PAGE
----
Remember the Peyton Manning Draft that we looked back on? Yeah, Peyton was the easy choice looking back now, but leading up to the Draft it was a toss up for most scouts between Peyton and Ryan Leaf. Leaf ended up being the #2 choice of the Chargers. He lasted three dreadful years, putting up 14 TDs and 36 INTs. In fact, of the first five selections in the 1998 Draft Peyton and Charles Woodson are in the Hall of Fame. The three other players are Ryan Leaf, Andre Wadsworth and Curtis Enis, total busts. So where was the BPA principal there? If it was used, how could it go so wrong for Cardinals, Chargers and Bears?

If you look back at previous Drafts you can throw out a few mistakes because of injuries or mental problems, but it’s just a small percentage. The rest of early round mistakes are just pure whiffs by GM’s who at times are worse than an average fan (Christian Hackenberg) and poor scouting. There is no excuse for such poor results, but GM after GM just does the same thing as all the other poor GMs with the same feeble results.

My question to you is whether BPA just a buzz term that fans are used to hearing from GMs that will make them accept a pick without question, giving the GM a pass on a selection? Or is it really just a magician’s trick to get you looking one way while the GM is hiding his considerable flaws as a talent evaluator? Or, third is BPA a real thing, I have just lost my mind, and the Jets actually have great Drafts and the finest talent?

Secondly (if I’m not insane)

The Bad

Why after so many poor selections don’t the media hold a GM’s feet to the fire to explain those picks? In most cases there is video of the same GM yearly touting his picks. and after a few years (as with Mike Maccagnan) it should be relatively easy to show his foibles. Remember, a team spends considerable amounts of money and manpower on scouting the college draft so why so many horrible whiffs?

The press love to consider themselves the Fourth Estate. So then why doesn’t our NY media use it? The term Fourth Estate refers to the press and news media both in explicit capacity of advocacy and implicit ability to frame issues. Though it is not formally recognized as a part of a system, it wields significant indirect social influence.

Why not wield this power and influence? I’m looking at you Manish Mehta and Rich Cimini. Why does Mike Maccagnan get a pass? Why is he not written about as a failure when he was brought here because of his acute scouting acumen but has delivered meager results? Do they fear having their access to the Jets hindered. If so, how spineless is such a writer, and how can we believe anything they write?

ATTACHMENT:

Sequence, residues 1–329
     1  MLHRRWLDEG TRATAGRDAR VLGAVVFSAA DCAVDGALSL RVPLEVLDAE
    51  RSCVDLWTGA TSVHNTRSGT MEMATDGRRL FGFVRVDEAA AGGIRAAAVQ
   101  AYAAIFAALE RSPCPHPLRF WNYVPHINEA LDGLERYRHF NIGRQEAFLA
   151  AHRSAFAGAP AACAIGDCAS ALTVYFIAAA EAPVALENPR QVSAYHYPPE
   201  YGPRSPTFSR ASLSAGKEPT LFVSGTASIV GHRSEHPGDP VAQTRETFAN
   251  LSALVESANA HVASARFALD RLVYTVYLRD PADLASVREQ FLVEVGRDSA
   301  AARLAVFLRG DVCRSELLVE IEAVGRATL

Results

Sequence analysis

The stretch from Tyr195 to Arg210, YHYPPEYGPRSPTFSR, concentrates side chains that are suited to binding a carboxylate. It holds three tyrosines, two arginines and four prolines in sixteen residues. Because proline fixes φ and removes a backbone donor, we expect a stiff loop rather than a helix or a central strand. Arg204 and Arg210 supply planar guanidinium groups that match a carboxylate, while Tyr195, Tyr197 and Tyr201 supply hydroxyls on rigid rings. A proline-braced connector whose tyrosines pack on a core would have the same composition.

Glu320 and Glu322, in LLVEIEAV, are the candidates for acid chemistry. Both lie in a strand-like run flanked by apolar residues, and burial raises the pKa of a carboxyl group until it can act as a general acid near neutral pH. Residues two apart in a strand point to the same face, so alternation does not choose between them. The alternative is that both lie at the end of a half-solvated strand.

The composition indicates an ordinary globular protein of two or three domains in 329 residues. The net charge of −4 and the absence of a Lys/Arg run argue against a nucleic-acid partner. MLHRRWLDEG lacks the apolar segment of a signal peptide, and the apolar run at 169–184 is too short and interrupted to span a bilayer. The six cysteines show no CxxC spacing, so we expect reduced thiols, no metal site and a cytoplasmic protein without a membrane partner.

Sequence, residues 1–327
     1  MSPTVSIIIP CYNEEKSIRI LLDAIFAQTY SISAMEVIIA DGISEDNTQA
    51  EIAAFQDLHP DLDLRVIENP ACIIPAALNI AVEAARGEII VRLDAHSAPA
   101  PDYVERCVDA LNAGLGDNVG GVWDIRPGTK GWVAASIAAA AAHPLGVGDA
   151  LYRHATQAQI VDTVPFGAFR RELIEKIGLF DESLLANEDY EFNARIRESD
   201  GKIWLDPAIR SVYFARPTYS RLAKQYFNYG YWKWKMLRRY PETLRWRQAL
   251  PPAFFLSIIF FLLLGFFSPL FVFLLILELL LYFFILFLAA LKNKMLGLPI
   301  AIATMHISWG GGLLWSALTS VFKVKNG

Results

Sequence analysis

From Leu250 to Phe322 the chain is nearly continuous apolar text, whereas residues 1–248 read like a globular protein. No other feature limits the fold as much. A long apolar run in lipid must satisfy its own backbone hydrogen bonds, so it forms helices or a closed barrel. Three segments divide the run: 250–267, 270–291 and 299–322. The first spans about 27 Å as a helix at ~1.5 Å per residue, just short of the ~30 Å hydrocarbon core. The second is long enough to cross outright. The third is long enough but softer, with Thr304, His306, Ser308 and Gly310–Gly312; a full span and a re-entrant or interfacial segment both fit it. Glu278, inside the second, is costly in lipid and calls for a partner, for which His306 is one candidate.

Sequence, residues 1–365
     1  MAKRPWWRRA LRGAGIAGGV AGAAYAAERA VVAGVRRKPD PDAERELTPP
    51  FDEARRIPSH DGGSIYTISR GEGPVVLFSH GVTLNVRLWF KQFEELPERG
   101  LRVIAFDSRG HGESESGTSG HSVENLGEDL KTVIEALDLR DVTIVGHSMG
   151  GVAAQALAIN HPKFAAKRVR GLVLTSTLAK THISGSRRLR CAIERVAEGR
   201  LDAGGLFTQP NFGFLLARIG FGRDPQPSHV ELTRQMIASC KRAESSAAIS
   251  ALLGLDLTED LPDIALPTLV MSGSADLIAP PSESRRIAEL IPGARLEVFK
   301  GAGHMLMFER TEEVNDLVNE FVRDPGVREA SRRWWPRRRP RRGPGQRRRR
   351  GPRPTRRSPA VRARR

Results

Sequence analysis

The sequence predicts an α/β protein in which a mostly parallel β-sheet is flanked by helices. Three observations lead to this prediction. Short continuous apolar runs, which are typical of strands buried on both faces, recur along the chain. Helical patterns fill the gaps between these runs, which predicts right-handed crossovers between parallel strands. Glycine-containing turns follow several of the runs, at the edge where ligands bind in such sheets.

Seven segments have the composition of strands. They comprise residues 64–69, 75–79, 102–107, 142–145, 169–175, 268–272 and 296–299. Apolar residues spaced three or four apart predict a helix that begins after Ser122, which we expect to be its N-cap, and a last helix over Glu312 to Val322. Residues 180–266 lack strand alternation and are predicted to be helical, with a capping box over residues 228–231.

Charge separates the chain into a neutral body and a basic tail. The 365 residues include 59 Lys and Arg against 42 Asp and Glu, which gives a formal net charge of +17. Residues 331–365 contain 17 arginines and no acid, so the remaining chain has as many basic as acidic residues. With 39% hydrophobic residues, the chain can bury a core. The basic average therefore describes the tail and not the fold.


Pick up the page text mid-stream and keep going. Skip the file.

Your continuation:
I mean just think about it if you were a press person in the room when Macagnan went to the podium and expounded his reasoning for his Draft picks. Would you sit on your hands and let him recite rhetoric for his explanation, or would you corner him and ask why he drafted an ankle grabbing WLB who cannot get off blocks with the idea of making him an ILB with the 20th pick in the draft? This is not some dart throw in the 6th round. This was the 20th pick.

Would you ask him why every note worthy draft scouting company had Christian Hackenberg as a late 6th round pick or UDFA, and you drafted him 51st overall when your team was in dire need of a talent infusion. Why do you think you are smarter than everyone else when when the player you selected with a premium pick never plays a down for your team? How can you be so foolish with a premium Draft pick on a team that is out of the playoffs with few if any bankable talents? These are just a token couple of a hundred questions you would make Maccagnan answer about his Drafts and free agent signings. Remember, these are the same media members assigned to the Jets who sit in on every press conference, They should know every move the Jets have made and whether it was good or bad. With the Jets picking at the top of the Draft again why aren’t the questions more pointed, and why does the press not demand an explanation for the awful results?